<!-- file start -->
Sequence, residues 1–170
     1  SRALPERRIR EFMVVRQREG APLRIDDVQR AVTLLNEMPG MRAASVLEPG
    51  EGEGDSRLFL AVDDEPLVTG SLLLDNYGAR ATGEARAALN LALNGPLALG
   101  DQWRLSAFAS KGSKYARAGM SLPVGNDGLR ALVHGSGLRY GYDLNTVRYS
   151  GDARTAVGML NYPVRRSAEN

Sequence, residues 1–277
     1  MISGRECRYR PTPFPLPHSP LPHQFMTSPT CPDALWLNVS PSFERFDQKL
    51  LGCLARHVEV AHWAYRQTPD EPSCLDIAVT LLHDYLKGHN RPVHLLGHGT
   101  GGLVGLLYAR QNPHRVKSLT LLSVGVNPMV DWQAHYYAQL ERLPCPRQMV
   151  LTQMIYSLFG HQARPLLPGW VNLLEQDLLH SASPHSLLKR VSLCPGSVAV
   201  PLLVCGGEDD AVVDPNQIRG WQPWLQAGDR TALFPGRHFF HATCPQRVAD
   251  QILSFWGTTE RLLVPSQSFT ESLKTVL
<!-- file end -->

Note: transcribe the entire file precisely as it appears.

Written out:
Sequence, residues 1–170
     1  SRALPERRIR EFMVVRQREG APLRIDDVQR AVTLLNEMPG MRAASVLEPG
    51  EGEGDSRLFL AVDDEPLVTG SLLLDNYGAR ATGEARAALN LALNGPLALG
   101  DQWRLSAFAS KGSKYARAGM SLPVGNDGLR ALVHGSGLRY GYDLNTVRYS
   151  GDARTAVGML NYPVRRSAEN

Sequence, residues 1–277
     1  MISGRECRYR PTPFPLPHSP LPHQFMTSPT CPDALWLNVS PSFERFDQKL
    51  LGCLARHVEV AHWAYRQTPD EPSCLDIAVT LLHDYLKGHN RPVHLLGHGT
   101  GGLVGLLYAR QNPHRVKSLT LLSVGVNPMV DWQAHYYAQL ERLPCPRQMV
   151  LTQMIYSLFG HQARPLLPGW VNLLEQDLLH SASPHSLLKR VSLCPGSVAV
   201  PLLVCGGEDD AVVDPNQIRG WQPWLQAGDR TALFPGRHFF HATCPQRVAD
   251  QILSFWGTTE RLLVPSQSFT ESLKTVL